Archive for September 2010

Make Your Feedback Clear and Unambiguous

September 27, 2010

After much deliberation, you’ve finally made up your mind: you are going to sever the employment of one of your direct reports.  Of course, if you’ve been giving healthy feedback along the way, the employee should not be surprised.

Before reaching this decision, most leaders have had course correction conversations with the troubled direct report.  When you have these tough conversations, make sure there is no doubt in your direct report’s mind, they will lose their job if their performance does not improve.

Make the course corrections direct and clear.  “I’m not happy with your performance,” or “You are on thin ice” leaves too much to interpretation.  Instead try “Tim, I believe you are capable of completing your work on time and we want you to succeed; but keeping your job largely depends on your ability to deliver your reports accurately and on time.  Let’s review your progress in one week.  In the meantime, don’t hesitate to let me know what obstacles I can remove that will help you out.”

Make your feedback clear and you’ll empower your direct reports for success.

Update Job Accountabilities Regularly

September 20, 2010

Hopefully you have a job accountability matrix for each of your direct reports capturing the job’s activities, priorities, and success factors.  Maybe you have a “job description” instead listing the job’s requirements and expectations.  Maybe you have a tattered sheet of paper detailing what you’d like out of the job.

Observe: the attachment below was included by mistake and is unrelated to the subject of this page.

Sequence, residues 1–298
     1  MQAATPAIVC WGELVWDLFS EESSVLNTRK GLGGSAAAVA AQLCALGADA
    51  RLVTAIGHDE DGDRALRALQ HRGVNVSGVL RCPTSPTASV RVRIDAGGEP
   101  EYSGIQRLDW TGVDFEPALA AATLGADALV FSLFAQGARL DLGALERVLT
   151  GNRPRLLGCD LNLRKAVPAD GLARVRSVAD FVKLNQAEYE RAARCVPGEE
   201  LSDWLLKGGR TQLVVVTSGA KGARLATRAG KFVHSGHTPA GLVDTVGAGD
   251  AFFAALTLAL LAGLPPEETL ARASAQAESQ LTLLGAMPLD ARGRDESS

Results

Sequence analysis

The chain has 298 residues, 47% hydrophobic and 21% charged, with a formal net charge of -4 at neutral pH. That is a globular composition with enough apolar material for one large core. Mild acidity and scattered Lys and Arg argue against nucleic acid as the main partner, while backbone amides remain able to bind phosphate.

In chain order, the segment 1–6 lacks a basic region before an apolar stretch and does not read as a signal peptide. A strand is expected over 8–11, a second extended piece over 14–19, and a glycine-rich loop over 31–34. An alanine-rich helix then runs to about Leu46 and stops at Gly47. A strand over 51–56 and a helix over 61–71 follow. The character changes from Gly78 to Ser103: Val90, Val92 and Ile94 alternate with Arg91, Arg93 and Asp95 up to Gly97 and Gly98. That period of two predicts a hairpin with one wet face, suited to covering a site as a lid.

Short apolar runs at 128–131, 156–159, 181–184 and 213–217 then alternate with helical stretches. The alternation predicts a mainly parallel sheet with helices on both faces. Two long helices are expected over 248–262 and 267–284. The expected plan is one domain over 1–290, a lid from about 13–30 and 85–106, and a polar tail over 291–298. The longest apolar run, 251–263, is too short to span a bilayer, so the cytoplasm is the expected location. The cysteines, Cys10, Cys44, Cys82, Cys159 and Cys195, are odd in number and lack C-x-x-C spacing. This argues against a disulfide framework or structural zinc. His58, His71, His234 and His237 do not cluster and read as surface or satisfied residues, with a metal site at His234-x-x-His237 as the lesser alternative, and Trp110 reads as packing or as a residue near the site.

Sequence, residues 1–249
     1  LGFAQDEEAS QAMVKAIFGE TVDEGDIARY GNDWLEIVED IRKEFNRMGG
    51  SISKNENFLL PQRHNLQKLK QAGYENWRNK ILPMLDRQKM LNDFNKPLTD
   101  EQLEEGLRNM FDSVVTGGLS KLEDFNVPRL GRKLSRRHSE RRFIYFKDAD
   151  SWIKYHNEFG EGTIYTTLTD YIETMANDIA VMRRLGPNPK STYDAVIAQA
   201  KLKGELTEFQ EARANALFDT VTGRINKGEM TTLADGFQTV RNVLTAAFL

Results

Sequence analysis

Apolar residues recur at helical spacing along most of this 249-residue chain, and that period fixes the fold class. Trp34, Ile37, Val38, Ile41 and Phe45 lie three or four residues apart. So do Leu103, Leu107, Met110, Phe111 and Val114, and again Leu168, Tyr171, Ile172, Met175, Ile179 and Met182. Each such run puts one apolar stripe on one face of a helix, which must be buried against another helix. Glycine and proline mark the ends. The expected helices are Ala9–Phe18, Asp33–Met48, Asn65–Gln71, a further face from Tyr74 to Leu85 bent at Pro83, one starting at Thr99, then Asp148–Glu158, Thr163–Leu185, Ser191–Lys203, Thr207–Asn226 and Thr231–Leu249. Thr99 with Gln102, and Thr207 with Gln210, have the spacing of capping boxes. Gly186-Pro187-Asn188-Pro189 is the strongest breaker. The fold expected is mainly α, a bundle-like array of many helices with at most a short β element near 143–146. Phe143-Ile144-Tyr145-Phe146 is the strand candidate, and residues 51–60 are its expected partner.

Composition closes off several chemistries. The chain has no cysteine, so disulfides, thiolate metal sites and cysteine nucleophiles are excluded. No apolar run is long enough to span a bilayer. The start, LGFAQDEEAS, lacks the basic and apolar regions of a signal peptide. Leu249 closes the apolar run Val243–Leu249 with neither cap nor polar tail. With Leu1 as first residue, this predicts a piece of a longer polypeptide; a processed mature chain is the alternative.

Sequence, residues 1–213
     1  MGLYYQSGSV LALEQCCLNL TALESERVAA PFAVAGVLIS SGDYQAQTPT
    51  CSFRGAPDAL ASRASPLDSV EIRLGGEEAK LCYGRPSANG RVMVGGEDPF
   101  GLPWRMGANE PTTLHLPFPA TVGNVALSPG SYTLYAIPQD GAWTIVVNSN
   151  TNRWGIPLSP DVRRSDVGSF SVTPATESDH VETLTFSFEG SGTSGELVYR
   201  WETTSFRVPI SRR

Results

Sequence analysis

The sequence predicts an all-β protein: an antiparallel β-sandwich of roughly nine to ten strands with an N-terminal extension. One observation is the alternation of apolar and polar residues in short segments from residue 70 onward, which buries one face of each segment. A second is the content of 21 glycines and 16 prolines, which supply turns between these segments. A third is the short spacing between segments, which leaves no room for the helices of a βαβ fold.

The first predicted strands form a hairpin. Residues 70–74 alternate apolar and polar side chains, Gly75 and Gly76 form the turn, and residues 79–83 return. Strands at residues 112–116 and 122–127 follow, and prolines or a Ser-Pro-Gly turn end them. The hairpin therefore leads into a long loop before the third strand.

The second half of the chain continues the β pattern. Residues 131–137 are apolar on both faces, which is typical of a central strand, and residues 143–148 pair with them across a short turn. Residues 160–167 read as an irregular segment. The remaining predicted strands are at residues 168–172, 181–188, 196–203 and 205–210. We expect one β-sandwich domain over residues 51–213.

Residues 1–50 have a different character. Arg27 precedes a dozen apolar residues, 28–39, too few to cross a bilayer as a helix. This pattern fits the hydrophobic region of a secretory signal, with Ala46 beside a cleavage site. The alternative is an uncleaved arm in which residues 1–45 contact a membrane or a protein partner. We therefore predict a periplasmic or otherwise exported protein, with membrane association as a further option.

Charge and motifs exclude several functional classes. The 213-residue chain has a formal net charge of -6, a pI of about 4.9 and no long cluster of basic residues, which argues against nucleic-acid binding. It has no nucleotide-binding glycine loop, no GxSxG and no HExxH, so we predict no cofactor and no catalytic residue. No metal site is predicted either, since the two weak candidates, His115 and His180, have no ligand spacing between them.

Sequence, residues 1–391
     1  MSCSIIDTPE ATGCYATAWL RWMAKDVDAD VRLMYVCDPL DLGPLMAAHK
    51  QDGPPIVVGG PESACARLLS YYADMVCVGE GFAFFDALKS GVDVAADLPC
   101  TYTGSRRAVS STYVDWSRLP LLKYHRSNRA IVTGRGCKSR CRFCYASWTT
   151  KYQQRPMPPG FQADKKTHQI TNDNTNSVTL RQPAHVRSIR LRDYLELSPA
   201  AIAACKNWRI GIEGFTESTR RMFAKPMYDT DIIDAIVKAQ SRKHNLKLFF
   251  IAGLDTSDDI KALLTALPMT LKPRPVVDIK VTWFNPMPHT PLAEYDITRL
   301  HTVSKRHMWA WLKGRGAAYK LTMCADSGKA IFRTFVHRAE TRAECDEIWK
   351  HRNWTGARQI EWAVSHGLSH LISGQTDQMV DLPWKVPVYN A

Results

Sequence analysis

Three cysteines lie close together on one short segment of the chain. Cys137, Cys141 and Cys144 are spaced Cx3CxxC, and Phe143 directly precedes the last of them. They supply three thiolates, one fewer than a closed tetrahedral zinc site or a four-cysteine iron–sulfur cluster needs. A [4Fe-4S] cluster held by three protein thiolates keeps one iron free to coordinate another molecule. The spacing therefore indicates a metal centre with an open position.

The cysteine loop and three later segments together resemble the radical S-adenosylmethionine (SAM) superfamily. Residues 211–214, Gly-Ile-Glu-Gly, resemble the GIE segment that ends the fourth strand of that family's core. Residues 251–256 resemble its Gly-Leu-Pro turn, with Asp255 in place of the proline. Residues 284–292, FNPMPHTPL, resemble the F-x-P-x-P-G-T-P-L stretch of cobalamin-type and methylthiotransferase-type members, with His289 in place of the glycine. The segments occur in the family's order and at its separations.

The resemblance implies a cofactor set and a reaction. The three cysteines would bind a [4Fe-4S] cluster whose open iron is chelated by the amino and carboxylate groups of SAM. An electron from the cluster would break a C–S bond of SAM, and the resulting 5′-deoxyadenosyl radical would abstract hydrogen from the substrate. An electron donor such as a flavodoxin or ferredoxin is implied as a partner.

Whatever you are using to scope your direct report’s job, be sure to review and update it regularly.  We recommend reviewing job accountabilities during each quarterly performance review session.  By reviewing the accountabilities regularly with your direct report, you both are reminded of what is important.

Do not assume the job’s description is static and cannot be changed.  The document is a dynamic, evolving view of the job and should be updated as the job evolves or changes.  Your direct report should be responsible for “owning” this responsibility and keeping you apprised of changes.

Empower your direct reports to manage their job accountabilities and watch both your careers succeed.

Opposites Don’t Attract

September 12, 2010

Have you ever heard the phrase opposites attract? It’s wrong. It makes sense to us but it’s still wrong. The data on relationships are completely convincing – people who are like one another tend to be attracted to one another.

The problem with this “opposites attract” mentality is that leaders are naturally attracted to hiring people who are like them. And, if they only hire people like them, they will end up with a team of people who have all of their strengths, and all of their weaknesses.

What’s the danger in that? If you make a mistake, the other people like you on your team are less likely to catch it. In fact they’re likely to not even notice it is a mistake.

The best way for leaders to solve this problem is to benchmark their jobs and determine the specific profile to be successful in the job and then hire against that profile.  This unbiased, objective job matching approach reduces the chance a leader may hire against their own personality profile.

If very early on in the selection process, you’re “totally in love with” a candidate, we’d suspect that they’re just like you. They may work out fine, or they may be adding to your weaknesses in a way that you don’t expect.

Add empowering behavioral tools to your selection process for future success.